From Cailyn Nagle (PIRG) | Volume 118 | December 3rd, 2020
With updates from Kaitlyn Vitez
THE OER DIGEST
Your bi-weekly newsletter for open education updates, opportunities, and reminders
U.S. FEDERAL UPDATE: Final negotiations for the Fiscal Year 2021 federal budget are underway in Congress ahead of the December 11th deadline to fund the government. House Democrats and Senate Republicans have both issued budget proposals that differ significantly, and failure to reach an agreement would have dire consequences. One bright spot, however, is that both have pencilled in renewed funding for the Open Textbook Pilot grant program, which is expected to announce its third round of funding later this month. Especially at a time when campuses are seeking to expand their digital programs, there is a need to develop high quality, flexible materials that students can access no matter where they are. Track the process of renewing funding here.
COURSE MARKING: University of North Carolina at Chapel Hill has added a Class Feature Tool to their course registration page. This feature allows faculty to include textbook costs,course format, syllabi, and other important information. As with most course marking initiatives, submission of the relevant data is voluntary for faculty. For the past several years, leaders from both student government and NCPIRG have been advocating for such a program to help students build a schedule that works for both their academic and financial situation. Most importantly, this Class Feature Tool is easily adopted by other institutions which use the PeopleSoft platform to manage course registration.
AUTOMATIC TEXTBOOK BILLING: Texas A&M San Antonio has ended their “Jaguar Day One” automatic textbook billing program after listening to feedback from students, faculty, and the campus bookstore. The program automatically enrolled students for a $25 fee per credit hour – which while relatively low, was still more than some students thought was fair for some courses. Students raised concerns around their lack of choice, but also with the implementation of the program itself. Many students reported not receiving required course materials until weeks after the start of term, and some did not receive their materials at all. Texas A&M has decided to roll back the program and give students the option of where and how to purchase their materials for Spring 2021. Texas A&M’s main campus is widely known for their successful open textbook program which has saved students over $1.5 million since its creation in 2017.
Conferences, jobs, and other OER-related opportunities
JOB OPPORTUNITY: The Midwestern Higher Education Compact is looking for a part time remote Open Educational Resource Consultant, starting in January 2021 and working to April 2022. Applications close December 18th. Learn more here.
JOB OPPORTUNITY: Boise State University is hiring a tenure track open educational resource librarian to join the Scholarly Communications and Data Management Unit. Applications close January 4th. Read more and apply here.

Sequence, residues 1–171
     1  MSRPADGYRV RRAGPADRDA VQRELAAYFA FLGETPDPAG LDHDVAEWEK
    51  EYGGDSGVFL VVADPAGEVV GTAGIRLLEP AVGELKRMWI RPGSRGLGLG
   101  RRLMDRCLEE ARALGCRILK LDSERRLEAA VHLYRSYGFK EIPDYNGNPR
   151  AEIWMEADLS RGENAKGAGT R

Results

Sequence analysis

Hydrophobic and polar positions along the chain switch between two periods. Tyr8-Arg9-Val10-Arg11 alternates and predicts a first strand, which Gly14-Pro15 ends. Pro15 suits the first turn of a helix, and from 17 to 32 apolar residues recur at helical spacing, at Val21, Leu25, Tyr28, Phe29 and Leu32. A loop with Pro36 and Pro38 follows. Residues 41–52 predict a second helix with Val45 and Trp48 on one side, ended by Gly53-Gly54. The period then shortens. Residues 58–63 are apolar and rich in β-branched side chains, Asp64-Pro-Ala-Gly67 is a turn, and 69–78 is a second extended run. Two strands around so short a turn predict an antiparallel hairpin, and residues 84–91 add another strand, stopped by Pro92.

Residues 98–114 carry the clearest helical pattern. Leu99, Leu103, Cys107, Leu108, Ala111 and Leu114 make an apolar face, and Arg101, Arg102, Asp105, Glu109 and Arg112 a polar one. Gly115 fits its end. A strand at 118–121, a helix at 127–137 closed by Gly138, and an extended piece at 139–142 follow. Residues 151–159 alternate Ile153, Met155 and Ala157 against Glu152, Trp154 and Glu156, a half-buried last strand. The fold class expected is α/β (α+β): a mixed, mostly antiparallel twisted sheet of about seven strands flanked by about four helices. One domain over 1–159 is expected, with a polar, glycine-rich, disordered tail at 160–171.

STORIES FROM THE FIELD
Quick snapshots of those making change on the ground level, and those impacted
FROM ARKANSAS: The University of Arkansas Cossatot was awarded the $2.2 million Title 3 Strengthening Institutions grant by the US Department of Education. UA Cossatot plans to use the grant to fund the campus OER program, expand tutoring, provide career guidance, and other important programs that will expand their capacity to serve low income students. Read more >>
FROM MINNESOTA: M State is set to be the seventh Minnesota State college to create a zero textbook cost pathway. Currently, 48 M State classes require zero textbook costs but with the new program two degree programs can be entirely completed without any textbook costs. “For me personally,” shared Kylie Ashworth, an OER advocate and student, “to not have to worry about class fees, book fees or class materials would be a huge weight off my shoulders.” Read more >>
ALSO FROM MINNESOTA: Mesabi Range College launched a zero textbook cost degree path for their Associate of Arts degree. With nearly half of faculty participating in the effort, Mesabi Range is focused on reducing the financial burden for students. ““I realized that I didn’t want a textbook to be the reason a student couldn’t afford to go home or buy groceries,” said communications studies professor Emily Werschay. Read more >>
FROM BRITISH COLUMBIA: During the remote learning period Kwantlen Polytechnic University’s ZTC program saved students over $2 million. Growing to 419 participating faculty, from the original 75 participating faculty, the program includes 850 programs during the academic year. “At KPU we’re lucky to have many faculty advocates, the library, and the Office of Open Education who all shine a bright light on the possibilities these resources provide,” said Urooj Nizami, KPU’s open education strategist. Read more >>
HOT OFF THE PRESS
Each edition, we highlight an interesting, new, openly-licensed resource
Deeper Learning for All released an openly licensed gallery of images highlighting preK-12 students learning. The gallery includes sections by grade level, course subject, and classroom environment.
Great reads to repost or share and interesting discussions to consider
Great to Share >>
- LETTER: The Rutgers Open Affordable Textbook program saved students millions | Asbury Park Press
Interesting to Consider >>
- Copyright Limits and Learning: Lessons from the Covid-19 Quarantine | InfoJustice
- Why We Need Centers for Educational Innovation, Evaluation and Research | Inside HigherEd
The OER Digest is a public newsletter distributed to a broad group of stakeholders across the higher education community. Subscribe here.